I have been walking around so long with the black cloud of taxes hanging over my head, that I’m hyperventilating and hubby is calling me Eeyore. Because last year was so unusual for us financially, this year’s taxes are – pardon me – a real pain in the butt!
I’ve been slogging through this stuff for weeks – let me give you an example of what it’s been like…We sold a lot of IBM stock which we’ve held for years and years. I bought it through the Employee Stock Purchase Plan while I worked there from 1977-1993. You could designate up to 10% of your salary to go toward purchasing the stock at 85% of market value. During each pay period, if you had enough funds, you would purchase 1 or more shares of stock through this plan.
When you sell the stock, you have to know the purchase date, quantity of shares, and the purchase price of each lot of shares you bought…let’s see, I got paid twice a month, and purchased stock for about 15 years, so that’s a lot of lots! I did keep my pay stubs, which had this information on them, but I left IBM in ’93, we’ve moved 4 times since then, and I don’t have a CLUE where that little stack of pay stubs is!
I did get a certificate history from ComputerShare, which shows the issue date and quantity of shares for each stock certificate I received. I pieced this together with historical stock prices off the Internet, and did a pretty good job of reconstructing the cost basis of the stock I bought while at IBM.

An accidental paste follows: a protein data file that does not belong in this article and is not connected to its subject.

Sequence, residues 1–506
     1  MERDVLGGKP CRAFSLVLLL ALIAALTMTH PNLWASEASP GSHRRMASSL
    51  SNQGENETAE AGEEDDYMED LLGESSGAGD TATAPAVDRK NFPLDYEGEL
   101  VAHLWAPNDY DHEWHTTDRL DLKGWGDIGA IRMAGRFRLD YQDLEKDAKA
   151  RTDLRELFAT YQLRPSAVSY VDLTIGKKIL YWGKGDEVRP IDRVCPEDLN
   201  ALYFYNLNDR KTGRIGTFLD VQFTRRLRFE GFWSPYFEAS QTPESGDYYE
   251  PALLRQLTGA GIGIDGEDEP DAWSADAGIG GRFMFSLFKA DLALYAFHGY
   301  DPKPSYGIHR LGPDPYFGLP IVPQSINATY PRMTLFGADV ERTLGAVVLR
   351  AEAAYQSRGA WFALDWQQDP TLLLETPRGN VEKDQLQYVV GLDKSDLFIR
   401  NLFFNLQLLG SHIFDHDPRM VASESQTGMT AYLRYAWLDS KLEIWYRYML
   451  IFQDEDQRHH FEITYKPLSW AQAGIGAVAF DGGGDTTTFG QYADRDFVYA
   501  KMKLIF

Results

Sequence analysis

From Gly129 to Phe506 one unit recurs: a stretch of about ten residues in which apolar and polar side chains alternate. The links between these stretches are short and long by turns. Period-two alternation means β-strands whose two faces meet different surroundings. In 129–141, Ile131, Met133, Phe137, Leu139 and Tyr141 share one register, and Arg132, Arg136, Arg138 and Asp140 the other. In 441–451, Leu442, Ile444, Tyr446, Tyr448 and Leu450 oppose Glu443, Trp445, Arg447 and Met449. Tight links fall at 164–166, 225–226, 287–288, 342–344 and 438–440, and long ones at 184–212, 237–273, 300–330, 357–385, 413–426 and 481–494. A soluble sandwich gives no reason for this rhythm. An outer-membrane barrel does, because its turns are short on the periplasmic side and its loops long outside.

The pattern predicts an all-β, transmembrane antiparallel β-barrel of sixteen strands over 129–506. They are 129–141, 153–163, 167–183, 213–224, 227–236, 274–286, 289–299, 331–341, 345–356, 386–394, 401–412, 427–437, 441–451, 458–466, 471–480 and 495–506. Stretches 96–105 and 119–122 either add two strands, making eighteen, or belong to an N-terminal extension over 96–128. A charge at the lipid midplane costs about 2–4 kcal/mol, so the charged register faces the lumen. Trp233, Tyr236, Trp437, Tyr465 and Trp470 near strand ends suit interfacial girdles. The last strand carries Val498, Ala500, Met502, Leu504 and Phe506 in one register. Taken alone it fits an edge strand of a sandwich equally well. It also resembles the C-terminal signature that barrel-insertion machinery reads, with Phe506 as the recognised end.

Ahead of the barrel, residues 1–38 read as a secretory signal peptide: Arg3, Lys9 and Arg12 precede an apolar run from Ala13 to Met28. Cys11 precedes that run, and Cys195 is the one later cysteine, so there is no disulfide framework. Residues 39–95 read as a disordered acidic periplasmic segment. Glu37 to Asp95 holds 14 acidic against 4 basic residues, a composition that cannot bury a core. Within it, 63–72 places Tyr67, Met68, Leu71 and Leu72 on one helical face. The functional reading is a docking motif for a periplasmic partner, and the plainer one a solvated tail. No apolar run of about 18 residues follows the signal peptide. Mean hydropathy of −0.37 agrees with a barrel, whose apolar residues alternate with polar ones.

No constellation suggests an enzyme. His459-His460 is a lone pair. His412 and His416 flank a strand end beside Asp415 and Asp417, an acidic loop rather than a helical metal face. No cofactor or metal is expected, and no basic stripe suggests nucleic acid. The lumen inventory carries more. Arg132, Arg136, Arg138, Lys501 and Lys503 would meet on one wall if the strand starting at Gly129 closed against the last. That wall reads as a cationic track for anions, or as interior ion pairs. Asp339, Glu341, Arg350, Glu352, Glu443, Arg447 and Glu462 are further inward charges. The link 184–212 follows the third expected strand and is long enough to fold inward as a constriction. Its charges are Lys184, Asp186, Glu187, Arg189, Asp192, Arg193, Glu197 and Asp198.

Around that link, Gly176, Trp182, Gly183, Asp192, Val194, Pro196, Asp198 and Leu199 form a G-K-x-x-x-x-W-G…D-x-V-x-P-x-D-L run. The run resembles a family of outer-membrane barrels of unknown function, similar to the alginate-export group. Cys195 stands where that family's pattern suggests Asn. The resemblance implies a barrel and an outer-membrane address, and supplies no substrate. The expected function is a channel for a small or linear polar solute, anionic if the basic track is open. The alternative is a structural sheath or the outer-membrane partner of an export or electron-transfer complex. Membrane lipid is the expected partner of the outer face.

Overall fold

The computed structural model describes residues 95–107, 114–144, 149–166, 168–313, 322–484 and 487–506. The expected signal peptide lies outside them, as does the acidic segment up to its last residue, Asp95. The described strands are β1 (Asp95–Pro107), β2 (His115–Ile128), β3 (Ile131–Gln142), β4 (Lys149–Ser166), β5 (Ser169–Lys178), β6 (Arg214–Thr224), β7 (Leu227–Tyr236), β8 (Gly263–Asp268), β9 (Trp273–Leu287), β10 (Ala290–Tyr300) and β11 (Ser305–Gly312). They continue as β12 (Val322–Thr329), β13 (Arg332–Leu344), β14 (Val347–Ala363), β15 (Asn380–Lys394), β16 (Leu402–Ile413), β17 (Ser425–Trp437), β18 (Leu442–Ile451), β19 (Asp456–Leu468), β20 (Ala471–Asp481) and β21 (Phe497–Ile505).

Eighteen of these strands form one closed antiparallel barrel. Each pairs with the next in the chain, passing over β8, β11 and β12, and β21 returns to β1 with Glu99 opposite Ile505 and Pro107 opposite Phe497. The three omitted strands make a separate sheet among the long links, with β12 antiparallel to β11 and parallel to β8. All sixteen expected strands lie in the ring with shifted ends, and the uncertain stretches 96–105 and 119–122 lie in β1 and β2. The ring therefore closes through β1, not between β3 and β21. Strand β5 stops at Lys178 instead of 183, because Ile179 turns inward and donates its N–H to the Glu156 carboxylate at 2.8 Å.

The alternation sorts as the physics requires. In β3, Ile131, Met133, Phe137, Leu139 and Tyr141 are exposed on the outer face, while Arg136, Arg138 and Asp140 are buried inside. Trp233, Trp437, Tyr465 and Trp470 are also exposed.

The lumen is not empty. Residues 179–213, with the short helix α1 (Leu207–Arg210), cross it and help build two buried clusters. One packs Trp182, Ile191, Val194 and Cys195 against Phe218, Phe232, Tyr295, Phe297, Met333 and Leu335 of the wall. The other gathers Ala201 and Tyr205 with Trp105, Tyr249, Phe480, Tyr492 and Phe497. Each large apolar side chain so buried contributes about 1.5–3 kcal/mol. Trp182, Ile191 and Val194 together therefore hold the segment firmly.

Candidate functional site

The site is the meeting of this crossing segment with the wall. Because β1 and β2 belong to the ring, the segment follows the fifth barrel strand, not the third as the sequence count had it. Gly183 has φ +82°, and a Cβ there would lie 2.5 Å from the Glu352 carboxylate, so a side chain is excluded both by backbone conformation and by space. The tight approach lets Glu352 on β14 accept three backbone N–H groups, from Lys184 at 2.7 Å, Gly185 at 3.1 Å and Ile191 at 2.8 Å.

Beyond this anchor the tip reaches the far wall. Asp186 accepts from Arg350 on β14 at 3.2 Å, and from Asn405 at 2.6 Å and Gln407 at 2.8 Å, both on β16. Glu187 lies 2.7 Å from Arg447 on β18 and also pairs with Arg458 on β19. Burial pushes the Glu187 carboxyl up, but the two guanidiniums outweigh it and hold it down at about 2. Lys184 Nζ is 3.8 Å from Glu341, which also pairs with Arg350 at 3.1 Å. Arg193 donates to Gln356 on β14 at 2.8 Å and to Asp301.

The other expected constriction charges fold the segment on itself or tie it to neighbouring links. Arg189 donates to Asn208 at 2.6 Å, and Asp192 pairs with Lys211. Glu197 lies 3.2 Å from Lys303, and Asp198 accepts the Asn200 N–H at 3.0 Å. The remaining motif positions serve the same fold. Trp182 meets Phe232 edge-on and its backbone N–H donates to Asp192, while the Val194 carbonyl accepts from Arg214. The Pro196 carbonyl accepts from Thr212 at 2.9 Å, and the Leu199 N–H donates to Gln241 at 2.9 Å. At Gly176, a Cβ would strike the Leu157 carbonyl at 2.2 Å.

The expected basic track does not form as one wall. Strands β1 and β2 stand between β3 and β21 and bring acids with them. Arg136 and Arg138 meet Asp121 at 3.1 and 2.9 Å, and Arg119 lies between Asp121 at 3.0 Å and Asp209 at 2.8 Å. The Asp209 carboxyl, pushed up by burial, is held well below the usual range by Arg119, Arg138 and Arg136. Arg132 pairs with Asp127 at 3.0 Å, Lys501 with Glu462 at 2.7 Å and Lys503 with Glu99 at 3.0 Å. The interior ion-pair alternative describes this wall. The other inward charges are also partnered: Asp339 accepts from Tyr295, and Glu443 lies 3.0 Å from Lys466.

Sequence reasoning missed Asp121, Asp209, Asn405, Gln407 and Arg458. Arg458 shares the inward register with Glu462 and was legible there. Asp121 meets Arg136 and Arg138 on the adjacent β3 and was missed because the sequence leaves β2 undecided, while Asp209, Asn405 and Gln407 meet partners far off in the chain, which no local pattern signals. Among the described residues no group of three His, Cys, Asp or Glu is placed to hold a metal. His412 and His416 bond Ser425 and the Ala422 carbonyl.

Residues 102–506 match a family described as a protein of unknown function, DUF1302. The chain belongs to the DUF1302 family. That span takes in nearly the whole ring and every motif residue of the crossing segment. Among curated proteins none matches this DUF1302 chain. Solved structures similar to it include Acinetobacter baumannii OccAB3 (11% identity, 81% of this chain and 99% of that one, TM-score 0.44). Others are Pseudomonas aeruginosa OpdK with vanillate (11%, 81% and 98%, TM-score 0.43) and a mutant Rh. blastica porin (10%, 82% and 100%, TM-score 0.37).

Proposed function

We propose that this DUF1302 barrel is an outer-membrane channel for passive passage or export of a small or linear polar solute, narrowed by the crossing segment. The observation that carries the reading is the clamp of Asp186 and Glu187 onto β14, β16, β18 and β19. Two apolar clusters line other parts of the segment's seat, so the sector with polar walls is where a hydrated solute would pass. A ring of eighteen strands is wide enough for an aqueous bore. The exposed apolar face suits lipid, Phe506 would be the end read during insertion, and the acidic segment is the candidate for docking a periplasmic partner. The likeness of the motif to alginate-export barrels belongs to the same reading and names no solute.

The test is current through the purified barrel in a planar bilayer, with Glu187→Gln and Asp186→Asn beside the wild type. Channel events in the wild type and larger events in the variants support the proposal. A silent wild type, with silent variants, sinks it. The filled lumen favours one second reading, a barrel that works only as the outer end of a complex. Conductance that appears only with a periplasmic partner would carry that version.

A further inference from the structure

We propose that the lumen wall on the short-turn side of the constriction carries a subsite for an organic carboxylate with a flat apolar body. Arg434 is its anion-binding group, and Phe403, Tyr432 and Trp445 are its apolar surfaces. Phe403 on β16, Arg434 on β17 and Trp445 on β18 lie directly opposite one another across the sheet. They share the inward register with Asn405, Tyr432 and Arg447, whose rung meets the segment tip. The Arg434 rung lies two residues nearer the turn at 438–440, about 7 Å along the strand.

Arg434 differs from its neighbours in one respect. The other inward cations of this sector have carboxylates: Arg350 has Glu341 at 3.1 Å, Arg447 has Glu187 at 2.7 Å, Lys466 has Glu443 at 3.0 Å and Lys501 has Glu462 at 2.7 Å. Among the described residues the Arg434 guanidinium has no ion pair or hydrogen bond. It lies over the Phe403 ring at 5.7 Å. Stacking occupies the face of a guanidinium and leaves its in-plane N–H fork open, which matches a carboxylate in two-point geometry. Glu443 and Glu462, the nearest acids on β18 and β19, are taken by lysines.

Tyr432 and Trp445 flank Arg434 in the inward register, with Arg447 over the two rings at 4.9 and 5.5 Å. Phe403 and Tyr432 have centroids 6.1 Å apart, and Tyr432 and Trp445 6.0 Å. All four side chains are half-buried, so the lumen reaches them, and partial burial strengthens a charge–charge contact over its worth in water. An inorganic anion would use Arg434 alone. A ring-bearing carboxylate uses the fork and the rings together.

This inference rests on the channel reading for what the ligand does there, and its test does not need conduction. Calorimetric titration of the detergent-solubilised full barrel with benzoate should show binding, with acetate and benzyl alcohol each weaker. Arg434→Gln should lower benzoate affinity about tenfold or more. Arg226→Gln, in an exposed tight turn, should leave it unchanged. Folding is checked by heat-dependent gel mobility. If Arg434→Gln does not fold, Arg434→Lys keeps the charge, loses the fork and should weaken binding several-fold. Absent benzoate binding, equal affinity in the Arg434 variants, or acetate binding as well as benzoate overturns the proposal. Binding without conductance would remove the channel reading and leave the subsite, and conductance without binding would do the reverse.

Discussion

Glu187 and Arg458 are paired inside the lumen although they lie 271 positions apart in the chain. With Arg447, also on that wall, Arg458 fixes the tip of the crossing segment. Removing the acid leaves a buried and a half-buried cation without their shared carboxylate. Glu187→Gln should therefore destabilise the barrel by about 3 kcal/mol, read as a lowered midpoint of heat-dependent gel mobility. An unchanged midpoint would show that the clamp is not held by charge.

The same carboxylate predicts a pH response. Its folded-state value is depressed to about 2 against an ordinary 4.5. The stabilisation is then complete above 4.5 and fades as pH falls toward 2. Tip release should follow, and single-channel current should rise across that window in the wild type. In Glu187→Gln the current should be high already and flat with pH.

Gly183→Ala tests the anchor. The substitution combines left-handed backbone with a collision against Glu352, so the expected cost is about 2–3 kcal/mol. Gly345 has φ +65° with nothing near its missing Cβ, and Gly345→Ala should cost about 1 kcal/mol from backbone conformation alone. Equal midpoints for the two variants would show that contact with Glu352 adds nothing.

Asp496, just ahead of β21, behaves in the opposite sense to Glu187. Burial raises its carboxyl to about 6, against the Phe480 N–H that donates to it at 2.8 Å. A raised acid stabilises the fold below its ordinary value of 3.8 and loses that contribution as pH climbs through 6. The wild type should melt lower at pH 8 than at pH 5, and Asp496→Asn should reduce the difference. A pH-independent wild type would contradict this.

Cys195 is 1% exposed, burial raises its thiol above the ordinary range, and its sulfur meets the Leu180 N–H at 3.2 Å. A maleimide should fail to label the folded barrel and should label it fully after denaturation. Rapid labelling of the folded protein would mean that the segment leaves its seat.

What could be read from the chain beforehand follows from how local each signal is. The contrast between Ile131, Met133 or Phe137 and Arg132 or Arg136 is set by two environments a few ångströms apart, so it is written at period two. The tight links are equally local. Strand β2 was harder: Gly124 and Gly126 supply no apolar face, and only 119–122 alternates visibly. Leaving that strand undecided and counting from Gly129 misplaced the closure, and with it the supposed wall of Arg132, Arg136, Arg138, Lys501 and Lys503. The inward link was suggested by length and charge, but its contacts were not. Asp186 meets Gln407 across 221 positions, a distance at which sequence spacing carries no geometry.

Oh, but there’s another wrinkle – dividend reinvestment…around 1996, we decided it would be a really good idea to reinvest our dividends to purchase new shares. So four times a year, we were issued dividends which were used to buy more shares of IBM…I painstakingly went through dividend history records and meshed that with our number of shares and historical stock prices, and reconstructed the cost basis for the shares we purchased through the Dividend Reinvestment Plan.
At this point, I was thinking I was home free…I rushed to put the information into TurboTax. However, when I indicated that I acquired the shares through an Employee Stock Purchase Plan, it prompted me for a “Grant Date” and the Fair Market Value of the stock on the “Grant Date” as well as an “Exercise Date” and the FMV on the “Exercise Date” — WHAT???
As it turns out, that nice 15% discount I got when I purchased the stock is taxed as “compensation income” and not capital gains. And it’s not just a simple matter of taking 15% off the stock price on the day you purchased it and calling that the compensation income — oh, no, that would be too logical…it involves a mysterious formula involving all these dates and prices.
After a lot of Internet research, I finally tamed the IBM ESPP tax monster and moved on to tackle the next issue, a corporate spin-off by Merck…OK, I don’t even want to talk about it any more! Let’s just say that if I weren’t all gray-headed already, I WOULD be by the time I get through with this…I just hope I have a few gray hairs left and don’t pull them all out!
Photo credit: PhotoBucket.com “Woman pulling hair out”